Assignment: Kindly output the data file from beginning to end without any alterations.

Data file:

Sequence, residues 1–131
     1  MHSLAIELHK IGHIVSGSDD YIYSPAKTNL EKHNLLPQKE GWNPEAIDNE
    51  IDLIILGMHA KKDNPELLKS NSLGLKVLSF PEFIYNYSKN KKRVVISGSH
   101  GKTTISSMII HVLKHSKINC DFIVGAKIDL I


Sequence, residues 1–131
     1  MHSLAIELHK IGHIVSGSDD YIYSPAKTNL EKHNLLPQKE GWNPEAIDNE
    51  IDLIILGMHA KKDNPELLKS NSLGLKVLSF PEFIYNYSKN KKRVVISGSH
   101  GKTTISSMII HVLKHSKINC DFIVGAKIDL I